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Hedstrom Co. v. National Labor Relations Board

UNITED STATES COURT OF APPEALS FOR THE THIRD CIRCUIT


argued: January 14, 1977.

HEDSTROM COMPANY, A SUBSIDIARY OF BROWN GROUP, INC., PETITIONER,
v.
NATIONAL LABOR RELATIONS BOARD, RESPONDENT

ON PETITION FOR REVIEW AND CROSS-APPLICATION FOR ENFORCEMENT OF AN ORDER OF THE NATIONAL LABOR RELATIONS BOARD.

Rosenn and Hunter, Circuit Judges, and Coolahan, Senior District Judge.*fn*

Author: Coolahan

Opinion OF THE COURT

COOLAHAN, Senior District Judge:

Hedstrom Company, a subsidiary of Brown Group, Inc. (hereinafter Hedstrom or the Company), petitions this Court, pursuant to 29 U.S.C. § 160(f), to review, modify, or set aside the National Labor Relations Board's finding of violations of §§ 8(a)(1) and (5), National Labor Relations Act, 29 U.S.C. §§ 158(a)(1) and (5) (1970), and for an order vacating the National Labor Relations Board's May 12, 1976, order to bargain.*fn1 The National Labor Relations Board (hereinafter the Board) cross-petitions for an order of enforcement.

The Board found that Hedstrom violated § 8(a)(1)*fn2 of the National Labor Relations Act (hereinafter the Act) by coercively interrogating and threatening employees, unlawfully soliciting employee grievances, creating the impression of surveillance, promising and granting benefits to employees, and threatening employees with plant closure in the event they elected the union, in an attempt unlawfully to interfere with employee organizational rights protected by § 7 of the Act.*fn3 The Board also sustained the union's objections to the March 28, 1974, election. In addition, the Board found that the Company violated § 8(a)(5) of the Act*fn4 by refusing to recognize and bargain with a majority status union. The Board found that the Company's unfair labor practices were so pervasive as to preclude the possibility of a fair election to determine whether the employees desired the International Association of Machinists and Aerospace Workers, District 98, AFL-CIO, as their collective bargaining agent. Consequently, the Board issued an NLRB v. Gissel Packing Co., 395 U.S. 575, 23 L. Ed. 2d 547, 89 S. Ct. 1918 (1969), bargaining order. For the reasons stated below we enforce in part and deny enforcement in part; we vacate that portion of the Board's order which requires the Company to bargain, and remand this case for proceedings consistent with this opinion.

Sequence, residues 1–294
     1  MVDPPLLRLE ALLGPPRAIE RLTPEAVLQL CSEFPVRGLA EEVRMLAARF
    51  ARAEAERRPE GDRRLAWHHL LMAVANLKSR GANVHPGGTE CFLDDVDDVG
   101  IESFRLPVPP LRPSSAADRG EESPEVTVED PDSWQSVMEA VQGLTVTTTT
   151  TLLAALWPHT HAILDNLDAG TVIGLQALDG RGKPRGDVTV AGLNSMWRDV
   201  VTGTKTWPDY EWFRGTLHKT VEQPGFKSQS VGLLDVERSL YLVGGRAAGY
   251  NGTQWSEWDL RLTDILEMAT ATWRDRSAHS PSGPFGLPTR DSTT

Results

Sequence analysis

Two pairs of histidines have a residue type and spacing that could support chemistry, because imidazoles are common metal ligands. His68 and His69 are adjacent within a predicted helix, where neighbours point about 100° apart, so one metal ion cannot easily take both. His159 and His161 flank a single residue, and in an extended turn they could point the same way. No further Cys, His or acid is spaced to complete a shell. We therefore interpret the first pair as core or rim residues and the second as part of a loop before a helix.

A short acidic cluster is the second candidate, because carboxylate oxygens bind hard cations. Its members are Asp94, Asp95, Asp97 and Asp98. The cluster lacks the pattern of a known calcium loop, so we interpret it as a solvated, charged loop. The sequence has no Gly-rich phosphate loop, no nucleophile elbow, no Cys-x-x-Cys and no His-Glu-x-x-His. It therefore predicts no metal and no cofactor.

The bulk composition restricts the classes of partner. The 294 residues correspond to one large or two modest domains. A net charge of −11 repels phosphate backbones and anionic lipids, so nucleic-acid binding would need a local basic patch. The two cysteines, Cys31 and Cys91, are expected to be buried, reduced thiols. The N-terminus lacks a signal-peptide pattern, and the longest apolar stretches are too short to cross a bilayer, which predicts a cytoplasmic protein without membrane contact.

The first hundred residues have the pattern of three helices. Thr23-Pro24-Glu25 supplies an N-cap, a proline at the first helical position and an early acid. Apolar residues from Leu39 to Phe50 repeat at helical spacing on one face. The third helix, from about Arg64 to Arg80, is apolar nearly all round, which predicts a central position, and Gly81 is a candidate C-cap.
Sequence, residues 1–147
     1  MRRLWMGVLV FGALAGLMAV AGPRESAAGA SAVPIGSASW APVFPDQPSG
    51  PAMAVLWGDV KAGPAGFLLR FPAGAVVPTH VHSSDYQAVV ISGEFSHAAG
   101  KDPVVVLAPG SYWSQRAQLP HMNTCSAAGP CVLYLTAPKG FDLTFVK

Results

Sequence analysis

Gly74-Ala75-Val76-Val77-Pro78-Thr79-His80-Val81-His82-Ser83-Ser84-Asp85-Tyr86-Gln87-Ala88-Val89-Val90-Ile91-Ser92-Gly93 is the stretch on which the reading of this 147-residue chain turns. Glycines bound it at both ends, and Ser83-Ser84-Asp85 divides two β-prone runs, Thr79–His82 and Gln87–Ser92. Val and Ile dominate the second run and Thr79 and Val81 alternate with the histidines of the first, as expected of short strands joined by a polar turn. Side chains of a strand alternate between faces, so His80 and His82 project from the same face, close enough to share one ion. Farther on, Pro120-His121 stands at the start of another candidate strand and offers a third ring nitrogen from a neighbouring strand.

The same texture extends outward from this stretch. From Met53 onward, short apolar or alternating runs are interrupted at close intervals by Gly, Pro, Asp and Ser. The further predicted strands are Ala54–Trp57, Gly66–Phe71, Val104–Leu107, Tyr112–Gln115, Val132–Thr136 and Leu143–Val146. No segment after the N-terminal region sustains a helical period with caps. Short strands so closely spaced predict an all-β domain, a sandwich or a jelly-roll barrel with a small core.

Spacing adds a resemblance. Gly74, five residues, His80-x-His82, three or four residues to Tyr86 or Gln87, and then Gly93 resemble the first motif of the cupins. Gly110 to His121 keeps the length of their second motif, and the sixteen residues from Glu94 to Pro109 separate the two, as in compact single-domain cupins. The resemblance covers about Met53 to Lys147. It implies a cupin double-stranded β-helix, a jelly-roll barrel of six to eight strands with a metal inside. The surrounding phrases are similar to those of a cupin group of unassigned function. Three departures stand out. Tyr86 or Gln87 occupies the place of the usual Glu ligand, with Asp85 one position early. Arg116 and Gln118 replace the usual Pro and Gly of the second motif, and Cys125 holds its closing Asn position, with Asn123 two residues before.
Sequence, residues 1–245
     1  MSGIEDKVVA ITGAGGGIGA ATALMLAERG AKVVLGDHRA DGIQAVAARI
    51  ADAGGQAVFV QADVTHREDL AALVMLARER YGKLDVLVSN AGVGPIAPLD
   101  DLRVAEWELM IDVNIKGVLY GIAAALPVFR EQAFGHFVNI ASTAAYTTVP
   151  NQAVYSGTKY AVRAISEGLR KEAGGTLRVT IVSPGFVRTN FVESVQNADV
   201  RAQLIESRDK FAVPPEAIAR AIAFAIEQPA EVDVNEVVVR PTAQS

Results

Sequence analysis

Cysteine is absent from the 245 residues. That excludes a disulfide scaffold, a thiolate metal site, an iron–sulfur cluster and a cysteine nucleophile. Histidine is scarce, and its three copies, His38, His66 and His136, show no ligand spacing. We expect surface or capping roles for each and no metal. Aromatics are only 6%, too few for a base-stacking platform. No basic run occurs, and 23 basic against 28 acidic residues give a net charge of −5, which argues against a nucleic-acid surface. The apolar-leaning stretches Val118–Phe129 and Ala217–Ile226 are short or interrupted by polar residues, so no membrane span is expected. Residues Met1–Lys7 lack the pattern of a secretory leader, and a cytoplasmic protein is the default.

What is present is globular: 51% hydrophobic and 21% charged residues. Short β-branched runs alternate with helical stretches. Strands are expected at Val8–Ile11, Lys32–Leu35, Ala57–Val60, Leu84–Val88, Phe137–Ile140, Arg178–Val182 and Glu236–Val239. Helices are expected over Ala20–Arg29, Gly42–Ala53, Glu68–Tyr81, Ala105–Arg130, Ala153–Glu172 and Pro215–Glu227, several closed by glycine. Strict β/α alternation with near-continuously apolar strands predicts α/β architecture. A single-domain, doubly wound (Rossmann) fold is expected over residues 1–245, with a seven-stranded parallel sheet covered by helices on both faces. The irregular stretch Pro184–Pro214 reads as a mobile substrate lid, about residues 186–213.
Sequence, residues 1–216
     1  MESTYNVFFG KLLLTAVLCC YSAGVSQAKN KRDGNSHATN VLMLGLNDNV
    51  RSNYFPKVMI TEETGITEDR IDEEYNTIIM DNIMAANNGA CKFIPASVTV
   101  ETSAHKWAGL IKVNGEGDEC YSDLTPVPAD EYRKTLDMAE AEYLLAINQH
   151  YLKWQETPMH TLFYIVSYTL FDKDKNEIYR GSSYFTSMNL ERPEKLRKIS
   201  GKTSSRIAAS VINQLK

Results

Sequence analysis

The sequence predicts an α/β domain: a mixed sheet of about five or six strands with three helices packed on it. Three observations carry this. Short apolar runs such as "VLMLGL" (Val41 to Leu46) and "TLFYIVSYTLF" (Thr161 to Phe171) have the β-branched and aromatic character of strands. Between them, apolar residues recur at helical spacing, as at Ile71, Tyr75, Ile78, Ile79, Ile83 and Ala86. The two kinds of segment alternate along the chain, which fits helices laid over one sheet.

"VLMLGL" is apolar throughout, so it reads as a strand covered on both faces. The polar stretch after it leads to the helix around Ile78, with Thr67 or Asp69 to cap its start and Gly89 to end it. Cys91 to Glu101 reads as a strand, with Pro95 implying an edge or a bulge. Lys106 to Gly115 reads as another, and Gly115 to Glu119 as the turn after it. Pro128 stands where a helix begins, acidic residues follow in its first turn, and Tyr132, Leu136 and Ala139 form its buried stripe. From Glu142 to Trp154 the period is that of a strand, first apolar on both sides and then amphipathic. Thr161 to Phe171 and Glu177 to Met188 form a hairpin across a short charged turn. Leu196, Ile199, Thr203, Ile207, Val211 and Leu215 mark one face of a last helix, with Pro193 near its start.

Hedstrom Company, a Delaware corporation with four plants located throughout the country, engages in the manufacture and non-retail sale of juvenile toys and furniture. The plant in which the alleged unfair labor practices occurred is located in Bedford, Pennsylvania. This company branch had been located in Fitchburg, Massachusetts, until 1966 when the Company decided to relocate its plant and corporate headquarters in Bedford. While in Fitchburg, company employees were represented by the United Furniture Workers of America, AFL-CIO. That union engaged in a 13-week strike at Hedstrom's Fitchburg plant, which contributed to the Company's decision to relocate. Hedstrom's Bedford plant has been nonunion since it opened in 1966. Several unionizing attempts were unsuccessful due to a lack of employee support as evidenced by insubstantial pro-union election votes.*fn5 However, the most recent unionizing campaign, which gave rise to the instant proceeding, proved more successful. It was started in late January, 1974, by some company employees who expressed an interest in representation by the International Association of Machinists and Aerospace Workers, District No. 98, AFL-CIO (hereinafter the Union).

On February 5, 1974, union representative Jesse Young conducted an organizational meeting at the Holiday Inn in Bedford, which was attended by 35 company employees. All but one employee present signed union authorization cards at that meeting. A few days later additional union authorization cards were signed and turned over to Young. On February 12 the Union by letter requested that the Company recognize it as the collective bargaining representative for Hedstrom's Bedford production and maintenance employees.*fn6 Two days later company president E. Lee (Jack) Ketcham, Jr., in response to the Union demand, suggested that the Union file a representation petition with the Board.

On February 21 the Union filed its petition with the Board.*fn7 Pursuant to a stipulation for certification upon consent election,*fn8 an election was held on March 28. The vote was 113 for the Union and 125 against it, with three void ballots. On April 2 the Union filed with the Board objections to conduct on the part of company management personnel which allegedly destroyed laboratory conditions necessary for an election.